ReSpeaker 4-mic array is a Raspberry Pi HAT with four microphones that can work with services such as Google Assistant or Amazon Echo. It was launched in 2017. So nothing new on the hardware front.
What’s new is the expansion board is now supported by Picovoice that works much like other voice assistants except it allows people to create custom wake words and offline voice recognition.
Picovoice is described as an end-to-end platform for building customized voice products with processing running entirely on-device. It is cross-platform, is said to be more resilient to noise and reverberation, and thanks to running offline, it offers low-latency and complies with HIPAA and GDPR privacy regulations.
The platform is comprised of two main engines:
- Porcupine lightweight wake word engine that supports custom wake words trained through PicoVoice console. The engine can listen to multiple wake words and is cross-platform with support for Raspberry Pi, BeagleBone, Android, iOS, Linux (x86_64), macOS (x86_64), Windows (x86_64)
- Rhino Speech-to-Intent engine to understand naturally-spoken commands
For example with a smart coffee machine in your home, you could wake up your smart speaker with a custom wake word handle by Porcupine such as “Hey home sweet home”, and then ask it to make you a cup of coffee through Rhino: “make me a cup of coffee”. It’s also possible to combine both:
Hey home sweet home, make me a cup of coffee
Seeed Studio updated their Wiki to show how to use both PicoVoice’s Porcupine and Rhino using a Python demo running on Raspberry Pi plus ReSpeaker 4-mic array. The demo source code can also be found on Github. It supports nine different wake words: Alexa, Bumblebee, Computer, Hey Google, Hey Siri, Jarvis, Picovoice, Porcupine, and Terminator.
I decided to check out the Picovoice console to check out the process to create a custom wake word. During registration, you’ll be asked for you email address and whether you are an individual or represent a company aiming to create a commercial product. After registration, you’re being asked to select Porcupine wake word engine or Rhino speed-to-intend engine.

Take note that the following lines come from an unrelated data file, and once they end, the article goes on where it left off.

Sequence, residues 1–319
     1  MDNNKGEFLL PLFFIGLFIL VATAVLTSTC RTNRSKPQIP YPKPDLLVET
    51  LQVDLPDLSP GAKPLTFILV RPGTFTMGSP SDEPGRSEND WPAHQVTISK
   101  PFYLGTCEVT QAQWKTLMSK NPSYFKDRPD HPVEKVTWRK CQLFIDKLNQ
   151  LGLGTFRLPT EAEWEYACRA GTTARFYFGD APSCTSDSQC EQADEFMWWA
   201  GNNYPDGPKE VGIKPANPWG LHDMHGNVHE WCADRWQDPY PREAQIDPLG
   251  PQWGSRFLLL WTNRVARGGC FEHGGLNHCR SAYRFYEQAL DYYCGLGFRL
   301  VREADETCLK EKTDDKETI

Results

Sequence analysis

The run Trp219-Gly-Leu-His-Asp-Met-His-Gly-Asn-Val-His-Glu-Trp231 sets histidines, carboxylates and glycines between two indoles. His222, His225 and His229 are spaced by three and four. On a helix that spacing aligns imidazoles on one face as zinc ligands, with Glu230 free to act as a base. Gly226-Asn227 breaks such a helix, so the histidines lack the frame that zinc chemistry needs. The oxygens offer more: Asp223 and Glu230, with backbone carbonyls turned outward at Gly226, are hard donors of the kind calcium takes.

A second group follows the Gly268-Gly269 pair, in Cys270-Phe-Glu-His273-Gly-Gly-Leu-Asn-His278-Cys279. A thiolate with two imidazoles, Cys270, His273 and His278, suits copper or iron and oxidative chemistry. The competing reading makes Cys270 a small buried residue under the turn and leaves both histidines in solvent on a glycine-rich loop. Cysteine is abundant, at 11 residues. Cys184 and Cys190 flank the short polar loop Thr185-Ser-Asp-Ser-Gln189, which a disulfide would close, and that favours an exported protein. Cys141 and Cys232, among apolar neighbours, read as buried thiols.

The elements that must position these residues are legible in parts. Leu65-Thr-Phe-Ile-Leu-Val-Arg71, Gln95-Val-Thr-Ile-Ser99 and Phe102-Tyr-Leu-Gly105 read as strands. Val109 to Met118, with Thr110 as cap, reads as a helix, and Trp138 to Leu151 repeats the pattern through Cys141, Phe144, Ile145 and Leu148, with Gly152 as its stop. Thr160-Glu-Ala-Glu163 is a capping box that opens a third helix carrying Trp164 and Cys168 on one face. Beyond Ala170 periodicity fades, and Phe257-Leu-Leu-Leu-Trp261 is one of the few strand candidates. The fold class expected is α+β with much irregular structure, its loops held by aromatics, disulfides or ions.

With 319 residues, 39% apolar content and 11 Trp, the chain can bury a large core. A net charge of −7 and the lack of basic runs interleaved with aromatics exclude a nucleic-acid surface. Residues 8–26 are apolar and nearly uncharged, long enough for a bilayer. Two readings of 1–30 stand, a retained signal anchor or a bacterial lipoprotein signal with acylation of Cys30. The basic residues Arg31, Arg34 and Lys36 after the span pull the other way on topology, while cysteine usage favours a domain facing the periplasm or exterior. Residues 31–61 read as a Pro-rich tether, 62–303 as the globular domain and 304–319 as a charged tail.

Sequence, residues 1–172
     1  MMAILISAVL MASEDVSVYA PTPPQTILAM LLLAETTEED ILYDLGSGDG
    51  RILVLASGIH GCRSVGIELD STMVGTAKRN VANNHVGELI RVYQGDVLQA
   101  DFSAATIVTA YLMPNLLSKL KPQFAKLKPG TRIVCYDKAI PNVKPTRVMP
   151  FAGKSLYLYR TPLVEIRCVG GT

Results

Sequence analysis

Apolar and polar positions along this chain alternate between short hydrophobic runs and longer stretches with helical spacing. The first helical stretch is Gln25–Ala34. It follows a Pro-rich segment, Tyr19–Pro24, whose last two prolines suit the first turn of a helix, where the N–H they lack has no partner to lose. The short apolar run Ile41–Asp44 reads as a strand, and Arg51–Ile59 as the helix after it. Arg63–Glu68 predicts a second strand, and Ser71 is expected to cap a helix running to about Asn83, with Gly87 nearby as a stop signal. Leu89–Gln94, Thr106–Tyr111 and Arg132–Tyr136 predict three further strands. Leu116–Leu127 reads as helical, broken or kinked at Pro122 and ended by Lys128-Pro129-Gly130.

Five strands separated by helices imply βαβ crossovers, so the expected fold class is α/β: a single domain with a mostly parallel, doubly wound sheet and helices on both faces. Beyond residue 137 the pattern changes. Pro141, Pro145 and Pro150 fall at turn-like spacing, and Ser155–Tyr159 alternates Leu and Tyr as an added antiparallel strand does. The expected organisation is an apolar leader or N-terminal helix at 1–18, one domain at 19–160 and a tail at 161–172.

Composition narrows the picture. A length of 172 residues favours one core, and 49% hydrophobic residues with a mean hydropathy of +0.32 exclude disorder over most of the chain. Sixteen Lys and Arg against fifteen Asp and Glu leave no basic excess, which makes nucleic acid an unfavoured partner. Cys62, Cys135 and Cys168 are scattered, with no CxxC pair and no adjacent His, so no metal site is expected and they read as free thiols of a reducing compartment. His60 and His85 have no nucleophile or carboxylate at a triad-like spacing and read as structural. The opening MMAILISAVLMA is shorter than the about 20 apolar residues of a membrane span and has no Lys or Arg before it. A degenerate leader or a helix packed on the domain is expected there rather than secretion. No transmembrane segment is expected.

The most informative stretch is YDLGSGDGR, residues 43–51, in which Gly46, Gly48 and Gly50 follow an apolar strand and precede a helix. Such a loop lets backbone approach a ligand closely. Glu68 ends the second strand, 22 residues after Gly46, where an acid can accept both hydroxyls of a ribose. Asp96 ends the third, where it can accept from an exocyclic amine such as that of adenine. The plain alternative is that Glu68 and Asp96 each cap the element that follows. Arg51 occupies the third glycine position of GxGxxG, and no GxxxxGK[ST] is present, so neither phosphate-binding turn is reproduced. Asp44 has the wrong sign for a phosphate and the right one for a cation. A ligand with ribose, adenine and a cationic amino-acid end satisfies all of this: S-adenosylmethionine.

Let’s go with Porcupine since I’d like to make a custom keyword. I tried “Hey You”. For some reason, we have to select the OS and target and in this case, I left the default: Linux(x86_64).
It’s possible to select other platforms, but with a personal account only x86 64-bit OSes are active (Linux, Windows, macOS), and Android, Beaglebone, Arm Cortex-M, iOS, Raspberry Pi, and WebAssembly are all restricted. I suppose that the restrictions are only lifted for commercial accounts.
It did not like my wake word since “you” is too short. So I decided to be a good consumer and be submissive to my smart home, and changed that to “dear master”.
We’re told the process can take up to 3 hours, but I received a confirmation email within 20 minutes:
our wake word (“dear master”) has finished training.
You can test the wake word in-browser and download the model file at https://console.picovoice.ai/ppn
I’m not sure how they did it, because I’ve always read making a custom wake word takes time and requires thousands of voice samples.
Once the file is downloaded you can integrate it with Porcupine Wake Word SDK and Picovoice Platform SDK whose documentation can be found here.
For a quick check, you can also test your new wake word in the web browser. It worked fine for me after adjusting my laptop’s microphone volume properly.
Jean-Luc started CNX Software in 2010 as a part-time endeavor, before quitting his job as a software engineering manager, and starting to write daily news, and reviews full time later in 2011.